Many parakeet owners start with one bird, and then decide that it would be nice to get their pet a mate, either for companionship, or possibly with the intention of breeding their birds.
The best scenario is a compatible mate of the opposite sex, but firstly you need to know the sex of your bird. So, how do you tell if a budgie is male or female? As budgies are generally sexually dimorphic, meaning males and females have physical characteristics that distinguish one from the other, this is relatively straight forward just by looking at them. Mature male budgies generally have a blue cere (fleshy area above the beak, surrounding the nostrils) like the budgie in the left of the picture above, while mature female budgies have a flesh colored cere (this ranges from white, pink, beige, to brown) as illustrated by the female budgie in the right of the picture above.
However, in some varieties such as albinos, latinos and harlequins, the males and females both have flesh colored ceres and sexing is then less obvious. While some suggest that male budgies have a rounder head, with the females head being flatter, and that the females bite much harder than the males, this is pretty subjective. In these cases, as when sexing lovebirds and other monomorphic parakeets, more scientific methods need to be used to accurately determine the sex of your pet bird.
There are two scientific methods used to accurately determine the sex of your pet bird. The first can be done by surgically sexing, which is a procedure conducted by a veterinarian while the bird is under anesthetic. An endoscope is inserted into a small incision made near the hip of the bird, and the gonads (internal reproductory organs) of the bird are examined to determine if it is male or female.
Another, less intrusive method of scientifically sexing parakeets and other pet birds, is through bird DNA sexing. DNA from the sex chromosomes of your bird are analyzed by DNA sequencing using PCR (Polymerase Chain Reaction) techniques and gel electrophoresis in a scientific laboratory specializing in this service. DNA is collected from either blood or feather samples that are sent to a laboratory for analysis. Collecting samples for DNA analysis is simple and the whole process can be conducted by mail order for around $20-$25 per bird, with bulk discounts usually offered by most genetic labs. Laboratories that offer this service, include DNA Solutions and Zoogen – both will supply DNA kits on request.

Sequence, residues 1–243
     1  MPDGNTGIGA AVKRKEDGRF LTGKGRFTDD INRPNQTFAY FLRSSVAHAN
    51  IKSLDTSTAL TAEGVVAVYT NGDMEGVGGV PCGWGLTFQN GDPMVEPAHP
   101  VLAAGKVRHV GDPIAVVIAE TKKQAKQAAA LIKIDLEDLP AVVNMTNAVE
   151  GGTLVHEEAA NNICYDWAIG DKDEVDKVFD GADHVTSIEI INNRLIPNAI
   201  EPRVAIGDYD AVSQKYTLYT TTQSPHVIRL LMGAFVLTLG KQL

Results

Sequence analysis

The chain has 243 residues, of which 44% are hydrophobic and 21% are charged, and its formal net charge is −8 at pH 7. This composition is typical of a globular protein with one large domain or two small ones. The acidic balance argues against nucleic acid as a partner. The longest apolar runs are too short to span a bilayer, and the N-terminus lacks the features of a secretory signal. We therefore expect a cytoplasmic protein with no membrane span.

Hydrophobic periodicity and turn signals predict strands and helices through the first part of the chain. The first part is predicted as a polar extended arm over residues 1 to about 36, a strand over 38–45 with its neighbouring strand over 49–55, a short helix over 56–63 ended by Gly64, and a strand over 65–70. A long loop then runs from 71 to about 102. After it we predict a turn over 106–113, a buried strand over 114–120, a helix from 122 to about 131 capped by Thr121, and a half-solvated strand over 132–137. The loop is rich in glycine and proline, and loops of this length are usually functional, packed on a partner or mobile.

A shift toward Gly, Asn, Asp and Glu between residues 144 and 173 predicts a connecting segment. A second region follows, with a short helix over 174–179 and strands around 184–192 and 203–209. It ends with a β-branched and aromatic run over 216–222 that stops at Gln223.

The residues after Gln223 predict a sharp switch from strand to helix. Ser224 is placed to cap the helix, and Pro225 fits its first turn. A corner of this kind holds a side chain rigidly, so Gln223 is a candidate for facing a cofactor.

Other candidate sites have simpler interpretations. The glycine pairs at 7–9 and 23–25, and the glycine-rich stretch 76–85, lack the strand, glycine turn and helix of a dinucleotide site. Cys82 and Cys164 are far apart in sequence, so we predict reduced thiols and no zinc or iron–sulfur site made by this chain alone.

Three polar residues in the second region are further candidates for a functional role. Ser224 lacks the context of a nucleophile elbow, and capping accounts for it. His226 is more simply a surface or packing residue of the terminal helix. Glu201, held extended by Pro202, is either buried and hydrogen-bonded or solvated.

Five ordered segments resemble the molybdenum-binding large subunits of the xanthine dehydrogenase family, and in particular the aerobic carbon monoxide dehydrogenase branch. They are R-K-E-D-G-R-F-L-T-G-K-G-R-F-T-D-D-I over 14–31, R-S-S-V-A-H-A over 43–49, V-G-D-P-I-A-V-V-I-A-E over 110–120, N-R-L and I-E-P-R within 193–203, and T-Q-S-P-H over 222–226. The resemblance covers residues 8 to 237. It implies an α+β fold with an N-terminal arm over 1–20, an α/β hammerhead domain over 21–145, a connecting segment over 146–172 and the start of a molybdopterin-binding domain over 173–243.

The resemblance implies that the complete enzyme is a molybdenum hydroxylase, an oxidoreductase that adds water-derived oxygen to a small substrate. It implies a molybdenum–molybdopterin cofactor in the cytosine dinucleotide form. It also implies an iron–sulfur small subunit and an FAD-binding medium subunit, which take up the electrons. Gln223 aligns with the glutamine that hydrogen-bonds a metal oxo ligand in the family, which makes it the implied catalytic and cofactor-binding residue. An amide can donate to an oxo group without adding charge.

How do you tell if a budgie is female or male? The following steps walk you through taking feathers from your bird to determine the sex.
Download an order form to record the details of your bird/s to submit to the laboratory of your choice.
Label a clean new Ziploc bag for each sample, clearly identifying each bird for which you are submitting feather samples to have sexed.
Pull two tail or wing feathers from your bird in one swift motion. The pulled feathers should not be too small, feathers of between 2-4 inches long are ideal. Feathers must be fresh plucked, and not picked up off the ground. Alternatively, a single blood feather (growing feather) can be collected from each bird you want sexed. If blood feathers are collected, allow them to air-dry before placing in the Ziploc bag. Place your feather samples in the Ziploc bag without touching the tips of the feathers as the DNA sample is obtained from the shaft tip of the feather and doing so may contaminate the sample.
Place the Ziploc bag with feather samples, in an envelope together with order form and payment, and submit to the laboratory of your choice for analysis.
DNA collection kit – ordered from laboratory of your choice (optional)
Download an order form from the laboratory of your choice, recording details (species, age, etc) of the bird you want to sex.
Using a new uncontaminated pin, pierce the underside of the foot, or the main vein running down the leg and foot, to draw blood.
Collect a drop of blood and allow to dry on a labeled card, blotting paper, or even on a corner of the order form.
Apply pressure to ensure bleeding has stopped before returning your bird to its cage.
Place dried blood sample in a Ziploc bag to prevent contamination, then mail together with order form and payment to the laboratory of your choice.
While sexing budgies may be a relatively simple process, sexing parakeets is generally rather difficult. With advances in scientific methods, bird DNA testing is now far more accessible to pet owners and can be done by simply mailing a sample to a lab, with results received within a week. DNA samples can be collected from blood or feathers, through a simple procedure requiring little skill (just some attention to detail) that any bird owner can perform at home.
Featured Image: Parkieten from nl/Wikimedia Commons [CC-BY-SA-3.0]
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